"To a gardener...any garden is home. It's home and work together. It's not any one garden...it's the earth and things growing in it that one loves." ~Ibid Margaret Eliot
Ben decided, not for the first time, that all his family were quite mad, and turned his attention, as Grandmother had advised, to the view.~ IbidJust like Ben, I've been turning my attention to the view quite a lot recently. So much in these books resonates with me from "advice" on how to cope in trying times to thoughts on home and garden and family.
There have been times when separate events come together in my life in striking ways or perhaps it's just because I have a mind always seeking to make connections. I have often been told that I make "unusual" ones. Whatever it is, my gifts from Robin arrived this week and have become one of those striking ties for I will remember this delicious week of reading ever so much better as a result of Robin's thoughtfulness. I don't know if she planned it this way having learned that I was going to read the aforementioned books or if it was a God breeze, but it's wonderful. Just see what I mean...
My gifts and their connections:
The sweet little bird...birds feature prominently in both stories, but especially in the first
The watering can charm...gardening connection
Flower magnets and notepaper...ditto
Verbena soap and lotion...The family matriarch Lucilla uses verbena as her signature scent
Candles...English hyacinth...story set in England and Flowering herbs..."The Herb of Grace" is the home from Pilgrim's Inn.
Vanilla Pear Butter...such a tasty treat for a proper English tea! And how did Robin know that my favorite fruit is pear?!
"Praise God" tag...there's a profound spirituality in these two Goudge books and a message of yielding oneself to God. Love those sweet colors of binding tape to use in tag making. (My mother will benefit first.)
Robin, thank you so much! I was and am blessed!
So what do you think? Were those connections too far-fetched?
Thank you for all your kind comments and prayers for my mother. She is doing quite well, everything considered, and we are all so grateful. At this point, I'm sending a cyber hug to my Aunt Ess and Uncle B. They are the best! I don't know what my family would do without them. God does not leave us comfortless and they have been God's comfort to us in recent days. Hope to have an update on "Behind the Scenes" soon.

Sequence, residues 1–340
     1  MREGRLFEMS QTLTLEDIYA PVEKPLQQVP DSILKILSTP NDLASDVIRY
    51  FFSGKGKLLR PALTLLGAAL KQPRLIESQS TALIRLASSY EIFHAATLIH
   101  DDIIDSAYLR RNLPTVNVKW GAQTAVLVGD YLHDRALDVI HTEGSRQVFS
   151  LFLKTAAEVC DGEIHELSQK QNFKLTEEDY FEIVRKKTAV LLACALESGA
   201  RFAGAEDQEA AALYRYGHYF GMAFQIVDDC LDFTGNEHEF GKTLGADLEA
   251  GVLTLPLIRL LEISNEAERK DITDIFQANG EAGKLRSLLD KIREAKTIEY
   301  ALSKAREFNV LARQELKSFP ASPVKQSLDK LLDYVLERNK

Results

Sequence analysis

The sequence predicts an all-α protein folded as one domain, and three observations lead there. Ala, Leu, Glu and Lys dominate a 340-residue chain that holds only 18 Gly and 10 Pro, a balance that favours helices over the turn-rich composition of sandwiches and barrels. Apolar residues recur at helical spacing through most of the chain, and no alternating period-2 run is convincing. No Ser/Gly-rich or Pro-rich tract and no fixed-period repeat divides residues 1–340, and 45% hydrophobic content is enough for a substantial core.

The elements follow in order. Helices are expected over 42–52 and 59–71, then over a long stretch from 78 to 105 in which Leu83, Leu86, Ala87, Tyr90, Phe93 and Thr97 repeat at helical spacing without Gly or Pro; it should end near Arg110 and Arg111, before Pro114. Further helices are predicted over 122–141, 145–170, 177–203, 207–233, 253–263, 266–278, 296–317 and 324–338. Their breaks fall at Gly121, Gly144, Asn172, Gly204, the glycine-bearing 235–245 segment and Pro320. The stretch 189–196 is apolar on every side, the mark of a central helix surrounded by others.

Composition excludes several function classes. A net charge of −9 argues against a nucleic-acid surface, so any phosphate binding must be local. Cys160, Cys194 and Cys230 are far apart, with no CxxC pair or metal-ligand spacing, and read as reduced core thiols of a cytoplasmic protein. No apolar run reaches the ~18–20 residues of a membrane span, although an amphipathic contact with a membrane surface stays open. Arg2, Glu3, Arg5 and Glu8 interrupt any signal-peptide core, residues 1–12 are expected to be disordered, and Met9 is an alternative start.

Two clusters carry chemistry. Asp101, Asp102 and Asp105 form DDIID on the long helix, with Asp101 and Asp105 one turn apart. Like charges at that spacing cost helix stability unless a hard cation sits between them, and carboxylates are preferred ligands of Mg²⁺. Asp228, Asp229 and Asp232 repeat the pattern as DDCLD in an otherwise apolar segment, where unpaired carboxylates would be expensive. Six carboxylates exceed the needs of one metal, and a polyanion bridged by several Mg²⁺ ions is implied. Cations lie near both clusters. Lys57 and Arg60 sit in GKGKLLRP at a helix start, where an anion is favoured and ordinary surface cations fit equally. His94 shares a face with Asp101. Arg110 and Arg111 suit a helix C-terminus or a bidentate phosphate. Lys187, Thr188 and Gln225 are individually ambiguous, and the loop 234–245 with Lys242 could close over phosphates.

Sunday, May 2, 2010
Meanwhile, the moment we get tired in the waiting, God's Spirit is right alongside helping us along. If we don't know how or what to pray, it doesn't matter. He does our praying in and for us, making prayer out of our wordless sighs, our aching groans. He knows us far better than we know ourselves, knows our pregnant condition, and keeps us present before God. That's why we can be so sure that every detail in our lives of love for God is worked into something good. ~Romans 8:26–28 The Message
Thursday, April 29, 2010
My mother's surgery lasted hours longer than we were told with a number of complications and then she was in recovery until evening. It was a very long day. The good news is that once she has recovered, she will be able to do so much more than she has been able to since last October. Thank you for your prayers. They mean more than you may realize. At some point in time, I'll update the little corner with my mother's story called Behind the Scenes. As some of you know, I do talk about it, just not always on the front page.
So while I waited for word from the hospital, I read a wonderful book just arrived from Amazon. A fun book. One filled with super ideas and such easy-to-do ideas. It was the perfect way for me to spend two hours because my mind was focused forward on the grands and not back on my mom and my nan. The two generations ahead of me take up much of my thought life so this was a special treat from the Lord via A Woman Who Is at In a Garden. (Thank you, my friend!) I'm referring you to the post Cindy wrote about *Sharon Lovejoy* who just so happens to be the author of this neat book. Perhaps all of us blogging grandmothers who are reading Sharon's books and going to try some of these ideas with our grands will be talking about them on our blogs. That would be cool!